Election Day: Polling Problems, Political Squabbling, But Better Turnout Than Feared Amid Coronavirus

Chicago election judges facemasks
Chicago election judges Edwina Falls, left, and Darryl Williams donned facemasks as a precaution against coronavirus at their polling place at Robert Lawrence Senior Homes, 655 W. 65th St., on Tuesday, March 17, 2020. Marc Monaghan / WBEZ
Chicago election judges facemasks
Chicago election judges Edwina Falls, left, and Darryl Williams donned facemasks as a precaution against coronavirus at their polling place at Robert Lawrence Senior Homes, 655 W. 65th St., on Tuesday, March 17, 2020. Marc Monaghan / WBEZ

Election Day: Polling Problems, Political Squabbling, But Better Turnout Than Feared Amid Coronavirus

Despite fears of a historic low turnout in Illinois’ primary — as scores of polling places had to be relocated, election officials squabbled, and poll workers scrambled for cleaning supplies amidst the coronavirus pandemic — voter turnout appeared to be on track for a more typical low.

Earlier Tuesday, Chicago election officials ignited a white-hot fight with Gov. JB Pritzker’s administration over the governor’s decision to move ahead with the primary as the worldwide coronavirus pandemic worsened. Chicago officials feared being unable to get polling places open and operating on time, and safely. Many worried older voters, who typically make up the bulk of voters, might stay home.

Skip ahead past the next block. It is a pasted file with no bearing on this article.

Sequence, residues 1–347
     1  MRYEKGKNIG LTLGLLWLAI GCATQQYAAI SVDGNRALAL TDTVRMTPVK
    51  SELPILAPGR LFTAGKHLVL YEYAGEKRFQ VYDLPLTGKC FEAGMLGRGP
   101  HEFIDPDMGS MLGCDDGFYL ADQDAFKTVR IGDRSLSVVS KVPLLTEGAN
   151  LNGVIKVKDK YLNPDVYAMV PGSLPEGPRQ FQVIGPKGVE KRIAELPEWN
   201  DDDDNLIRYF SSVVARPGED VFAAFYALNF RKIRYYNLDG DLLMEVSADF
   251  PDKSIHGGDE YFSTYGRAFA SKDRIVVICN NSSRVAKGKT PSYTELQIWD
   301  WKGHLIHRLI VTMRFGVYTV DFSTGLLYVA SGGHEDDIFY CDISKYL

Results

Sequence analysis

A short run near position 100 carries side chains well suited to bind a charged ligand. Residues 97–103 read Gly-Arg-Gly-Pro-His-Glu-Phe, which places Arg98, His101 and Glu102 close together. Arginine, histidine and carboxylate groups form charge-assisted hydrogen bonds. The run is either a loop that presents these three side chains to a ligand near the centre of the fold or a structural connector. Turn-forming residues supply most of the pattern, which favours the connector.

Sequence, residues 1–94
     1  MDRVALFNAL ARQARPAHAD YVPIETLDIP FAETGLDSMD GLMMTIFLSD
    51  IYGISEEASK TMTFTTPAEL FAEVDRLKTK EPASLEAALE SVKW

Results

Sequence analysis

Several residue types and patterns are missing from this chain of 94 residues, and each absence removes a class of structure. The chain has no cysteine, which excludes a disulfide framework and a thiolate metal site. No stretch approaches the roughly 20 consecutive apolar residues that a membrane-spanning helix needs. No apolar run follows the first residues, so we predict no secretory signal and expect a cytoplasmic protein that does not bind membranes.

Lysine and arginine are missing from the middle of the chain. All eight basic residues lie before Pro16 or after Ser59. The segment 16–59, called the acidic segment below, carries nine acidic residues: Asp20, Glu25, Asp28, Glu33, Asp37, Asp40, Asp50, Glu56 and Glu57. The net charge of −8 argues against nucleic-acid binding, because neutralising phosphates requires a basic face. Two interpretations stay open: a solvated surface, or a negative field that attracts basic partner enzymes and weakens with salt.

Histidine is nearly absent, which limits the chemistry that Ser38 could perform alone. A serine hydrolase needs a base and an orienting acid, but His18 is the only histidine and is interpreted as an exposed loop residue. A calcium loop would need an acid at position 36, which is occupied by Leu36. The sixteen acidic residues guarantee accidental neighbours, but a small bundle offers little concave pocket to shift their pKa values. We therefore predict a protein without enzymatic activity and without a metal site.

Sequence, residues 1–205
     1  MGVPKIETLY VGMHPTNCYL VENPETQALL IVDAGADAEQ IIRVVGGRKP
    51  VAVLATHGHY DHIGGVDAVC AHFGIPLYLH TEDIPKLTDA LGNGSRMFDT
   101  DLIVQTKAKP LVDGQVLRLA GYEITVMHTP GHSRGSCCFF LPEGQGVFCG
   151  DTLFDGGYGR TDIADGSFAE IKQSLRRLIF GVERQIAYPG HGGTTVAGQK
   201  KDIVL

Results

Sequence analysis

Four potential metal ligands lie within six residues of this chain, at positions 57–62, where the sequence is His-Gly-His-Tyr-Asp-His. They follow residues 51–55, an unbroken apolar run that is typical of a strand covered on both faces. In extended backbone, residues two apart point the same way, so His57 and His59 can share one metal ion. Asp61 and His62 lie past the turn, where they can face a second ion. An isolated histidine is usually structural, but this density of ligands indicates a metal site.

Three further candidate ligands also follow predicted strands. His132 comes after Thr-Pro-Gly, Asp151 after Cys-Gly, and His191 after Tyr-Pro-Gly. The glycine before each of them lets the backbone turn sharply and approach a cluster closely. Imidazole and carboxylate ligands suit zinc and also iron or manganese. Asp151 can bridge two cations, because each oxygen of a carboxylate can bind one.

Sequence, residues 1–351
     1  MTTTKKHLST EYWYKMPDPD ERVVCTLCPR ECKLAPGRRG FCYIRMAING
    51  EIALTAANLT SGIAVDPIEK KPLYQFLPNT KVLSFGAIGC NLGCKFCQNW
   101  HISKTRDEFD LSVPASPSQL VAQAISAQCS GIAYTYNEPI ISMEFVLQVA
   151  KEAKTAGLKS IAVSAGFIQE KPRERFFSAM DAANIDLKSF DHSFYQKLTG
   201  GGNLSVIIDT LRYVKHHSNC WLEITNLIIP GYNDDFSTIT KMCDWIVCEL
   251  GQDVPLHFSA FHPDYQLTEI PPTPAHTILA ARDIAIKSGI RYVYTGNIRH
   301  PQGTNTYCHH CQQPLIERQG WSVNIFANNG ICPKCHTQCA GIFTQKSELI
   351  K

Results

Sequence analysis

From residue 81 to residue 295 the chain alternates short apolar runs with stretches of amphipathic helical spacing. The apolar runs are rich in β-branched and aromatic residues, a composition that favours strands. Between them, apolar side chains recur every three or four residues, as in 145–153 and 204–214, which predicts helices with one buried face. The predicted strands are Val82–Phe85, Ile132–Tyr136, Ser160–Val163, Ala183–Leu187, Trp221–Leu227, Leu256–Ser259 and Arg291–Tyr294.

But by late afternoon, turnout within the city was described by the Chicago Board of Elections as around 35 percent of eligible voters, with the Cook County clerk’s office observing the largest plurality of voters in the low-turnout election being those over 60 — the age group at the highest risk with the virus.

Still, there were problems. Some polling places didn’t open on time, with machines or poll workers delayed, and voters reported to WBEZ that some polls didn’t have enough hand sanitizer or disinfectant wipes to clean pens and touch-screen voting machines.

It was a dismal start, overlayed with the disclosure by a top Chicago election board official that his agency had pressed Pritzker last week to postpone today’s vote because of public health concerns but got push-back from the governor’s office.

“We were on the phone with the governor's staff about a week ago, within hours of this being declared a global pandemic, and we were urging the postponement of this election, the abandonment of the polling place model of voting, and a conversion to vote-by-mail for the safety of the of the voting public,” Board of Elections spokesman Jim Allen said.

“We were told the election must go on,” Allen said.

Yet by late Tuesday afternoon, Allen had significantly changed his tune about how the election was going for Chicago election authorities. He expected just five polling locations to stay open late, which is on-par with elections that occur under more normal circumstances than during a global pandemic.

“The spirit of the voters has been extremely positive through a very stressful and difficult situation,” Jim Allen said. “We’re grateful for that.”

But the comments Allen had made in the morning had already brought the ire of Pritzker.